Data Analysis

Chi-square and t-tests were used to assess differences in receipt of screening (versus no test) by sample characteristics. We conducted simple logistic regression analyses to assess bivariate associations between each variable and the three outcomes: adherence to FOBT, adherence to endoscopy (with or without FOBT), and adherence to any CRC testing. Multivariable logistic regression was used to model the independent effects of counseling while controlling for covariates that were significant at the p ≤ 0.25 level in bivariate analyses of each screening outcome. We used a more liberal cutoff than 0.05, so as not to rule out variables that might be associated with patient screening behaviors. Statistical significance for multivariable models was established at p < 0.05. SAS version 9.2 was used for analyses.


Sample Characteristics

A total of 1,314 people were mailed an invitation letter. Of the 817 patients who were contacted and eligible, 505 (62 %) completed the survey. Compared to non-respondents, respondents were more likely to be women (p < 0.01) and uninsured (p < 0.01).

The mean age of the sample of 505 patients was 61 years (range = 50 to 91), almost 70 % were women, and over half were married (Table 1). The sample tended to be Spanish-speaking immigrants of low socioeconomic status; more than half had less than a high school education, 77 % were foreign-born, almost 70 % had public or no health insurance and 69 % responded in Spanish. About half reported poor or fair health. Respondents had a mean of 6.4 (SD = 8.6) medical visits in the past 12 months. Of the 354 (71 %) LEP respondents, only 99 (28 %) saw a clinician who spoke Spanish.
Table 1.

Respondent Characteristics for Total Sample and by Colorectal Cancer (CRC) Screening Status, in Three California Practice Settings, 2008–2009


Total Sample

N = 504

Any CRC Screening

N = 299


N = 233

FOBT1 only

N = 66

No Screening

N = 205

Age in years: Mean (SD)

60.6 (8.4)

60.9 (8.4)

61.1 (8.4)

60.3 (8.6)

60.1 (8.3)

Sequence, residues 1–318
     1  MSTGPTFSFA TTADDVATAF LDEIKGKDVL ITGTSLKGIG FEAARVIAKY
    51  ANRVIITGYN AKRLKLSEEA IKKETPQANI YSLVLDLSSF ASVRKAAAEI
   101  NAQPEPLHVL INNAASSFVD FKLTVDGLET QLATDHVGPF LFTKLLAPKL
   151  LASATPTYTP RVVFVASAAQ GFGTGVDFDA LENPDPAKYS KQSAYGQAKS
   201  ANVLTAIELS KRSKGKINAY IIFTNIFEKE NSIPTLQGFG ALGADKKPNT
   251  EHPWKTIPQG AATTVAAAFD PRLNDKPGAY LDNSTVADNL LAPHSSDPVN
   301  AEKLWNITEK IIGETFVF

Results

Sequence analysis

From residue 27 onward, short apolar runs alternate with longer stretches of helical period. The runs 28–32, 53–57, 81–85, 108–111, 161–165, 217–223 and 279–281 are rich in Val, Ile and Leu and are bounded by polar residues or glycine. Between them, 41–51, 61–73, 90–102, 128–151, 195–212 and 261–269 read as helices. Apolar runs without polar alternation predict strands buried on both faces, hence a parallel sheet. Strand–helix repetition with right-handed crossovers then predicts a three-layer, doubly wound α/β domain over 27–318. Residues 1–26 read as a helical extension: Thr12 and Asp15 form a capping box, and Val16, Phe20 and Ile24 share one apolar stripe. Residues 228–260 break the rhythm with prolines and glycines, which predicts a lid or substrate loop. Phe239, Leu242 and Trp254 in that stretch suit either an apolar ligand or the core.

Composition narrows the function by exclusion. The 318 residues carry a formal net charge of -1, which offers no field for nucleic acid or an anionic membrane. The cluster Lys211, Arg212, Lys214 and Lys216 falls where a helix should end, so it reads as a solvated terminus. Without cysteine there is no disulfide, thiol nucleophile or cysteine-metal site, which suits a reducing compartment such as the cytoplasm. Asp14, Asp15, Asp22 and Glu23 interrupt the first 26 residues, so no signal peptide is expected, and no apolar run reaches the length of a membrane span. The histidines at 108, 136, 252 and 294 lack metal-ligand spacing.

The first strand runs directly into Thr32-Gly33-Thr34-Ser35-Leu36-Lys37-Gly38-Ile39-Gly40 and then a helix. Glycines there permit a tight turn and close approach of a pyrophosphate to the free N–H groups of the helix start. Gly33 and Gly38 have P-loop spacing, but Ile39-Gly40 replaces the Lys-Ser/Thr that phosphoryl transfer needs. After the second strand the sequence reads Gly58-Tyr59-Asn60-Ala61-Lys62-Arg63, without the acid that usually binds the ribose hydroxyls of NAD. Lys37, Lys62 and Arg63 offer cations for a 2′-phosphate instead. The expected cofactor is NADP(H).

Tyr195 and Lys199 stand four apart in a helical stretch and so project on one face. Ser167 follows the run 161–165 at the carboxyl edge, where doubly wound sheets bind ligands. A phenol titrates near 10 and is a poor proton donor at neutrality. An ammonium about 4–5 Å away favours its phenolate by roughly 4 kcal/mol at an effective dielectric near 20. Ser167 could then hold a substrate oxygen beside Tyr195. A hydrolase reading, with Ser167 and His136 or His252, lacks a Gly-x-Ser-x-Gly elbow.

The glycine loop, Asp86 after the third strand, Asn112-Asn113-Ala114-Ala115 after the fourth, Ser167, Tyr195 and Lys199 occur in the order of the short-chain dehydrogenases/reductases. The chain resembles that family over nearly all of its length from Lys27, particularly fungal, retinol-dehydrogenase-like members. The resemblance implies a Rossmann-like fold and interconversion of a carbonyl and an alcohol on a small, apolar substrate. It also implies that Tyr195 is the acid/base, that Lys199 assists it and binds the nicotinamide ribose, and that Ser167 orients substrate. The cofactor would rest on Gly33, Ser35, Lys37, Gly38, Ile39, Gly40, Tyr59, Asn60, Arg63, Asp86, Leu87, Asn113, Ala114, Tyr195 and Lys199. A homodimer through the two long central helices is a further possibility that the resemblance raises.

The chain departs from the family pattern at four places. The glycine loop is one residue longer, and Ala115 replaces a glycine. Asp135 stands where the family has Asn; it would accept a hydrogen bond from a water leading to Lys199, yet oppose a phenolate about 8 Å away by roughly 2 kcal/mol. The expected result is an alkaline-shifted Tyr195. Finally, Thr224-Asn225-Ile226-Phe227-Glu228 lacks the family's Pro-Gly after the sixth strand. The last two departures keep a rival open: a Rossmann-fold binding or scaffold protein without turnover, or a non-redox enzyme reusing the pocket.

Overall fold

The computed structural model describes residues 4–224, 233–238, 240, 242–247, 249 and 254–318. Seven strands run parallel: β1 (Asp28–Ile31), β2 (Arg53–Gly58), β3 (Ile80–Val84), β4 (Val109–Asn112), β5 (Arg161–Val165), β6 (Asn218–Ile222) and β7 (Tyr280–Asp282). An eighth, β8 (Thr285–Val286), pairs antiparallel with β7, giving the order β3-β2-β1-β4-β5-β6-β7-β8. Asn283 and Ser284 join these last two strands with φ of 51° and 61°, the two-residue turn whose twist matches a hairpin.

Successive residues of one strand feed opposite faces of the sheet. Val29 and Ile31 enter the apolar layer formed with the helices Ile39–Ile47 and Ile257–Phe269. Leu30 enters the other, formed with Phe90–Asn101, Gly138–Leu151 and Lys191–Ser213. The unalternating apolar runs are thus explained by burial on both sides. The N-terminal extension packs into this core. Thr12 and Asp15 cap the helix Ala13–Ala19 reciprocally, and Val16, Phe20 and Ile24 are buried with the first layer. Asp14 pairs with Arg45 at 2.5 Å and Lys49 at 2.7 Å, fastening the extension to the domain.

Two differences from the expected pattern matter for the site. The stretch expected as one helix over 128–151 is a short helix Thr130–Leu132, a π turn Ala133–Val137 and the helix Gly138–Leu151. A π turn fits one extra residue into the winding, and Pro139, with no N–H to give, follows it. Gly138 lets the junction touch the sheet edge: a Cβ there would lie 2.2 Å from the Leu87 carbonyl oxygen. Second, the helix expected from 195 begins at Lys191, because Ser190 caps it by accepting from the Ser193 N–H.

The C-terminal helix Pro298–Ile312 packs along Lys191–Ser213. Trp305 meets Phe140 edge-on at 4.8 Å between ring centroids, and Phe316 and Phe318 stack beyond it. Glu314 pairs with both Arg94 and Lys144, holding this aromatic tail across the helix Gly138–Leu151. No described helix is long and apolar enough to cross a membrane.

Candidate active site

Sex – women: N (%)

350 (69)

205 (69)

165 (71)

40 (61)

145 (71)

Marital status – married or living with partner: N (%)

266 (53)

173 (58)**

138 (59)**

35 (54)

93 (46)

Education: N (%)





 Less than high school

263 (53)

143 (48)

95 (41)

48 (74)

120 (59)

 High school graduate

82 (17)

46 (16)

41 (18)

5 (8)

36 (18)

 Some college or more

152 (31)

106 (34)

94 (41)

12 (18)

46 (23)

Employed full-time or part-time: N (%)

219 (44)

123 (41)

97 (42)

26 (40)

96 (48)

Born in the U.S.: N (%)

116 (23)

81 (27)**

73 (32)***

8 (12)

35 (17)

Fair/poor self-rated health: N (%)

240 (48)

133 (44)

101 (43)

32 (48)

106 (52)

Health insurance: N (%)





 Any private

164 (33)

118 (40)

109 (48)

9 (14)

46 (23)


134 (27)

73 (25)

55 (24)

18 (28)

61 (31)

 Self-pay/no insurance

193 (39)

101 (35)

64 (28)

37 (58)

92 (46)

Number of medical visits in past 12 months: Mean (SD)

6.4 (8.6)

7.1 (10.6)*

7.5 (11.8)*

5.6 (3.8)

5.5 (4.1)

Clinic site: N (%)






 So. CA multi-specialty clinic

193 (38)

144 (48)

133 (57)

11 (17)

49 (24)

 So. CA community clinic

121 (24)

82 (27)

54 (23)

28 (42)

39 (19)

 No. CA community clinic

191 (38)

73 (24)

46 (20)

27 (41)

117 (57)

Language of interview: N (%)






157 (31)

114 (38)

104 (45)

10 (15)

43 (21)


348 (69)

185 (62)

129 (55)

56 (85)

162 (79)

Language concordance: N (%)





 English proficient

145 (29)

106 (36)

96 (41)

10 (15)

39 (19)

 Limited English proficient with language concordant physician

99 (20)

54 (18)

38 (16)

16 (25)

45 (22)

 Limited English proficient with language discordant physician

255 (51)

137 (46)

98 (42)

39 (60)

118 (58)

CRC risk factors present: N (%)

102 (20)

80 (27)***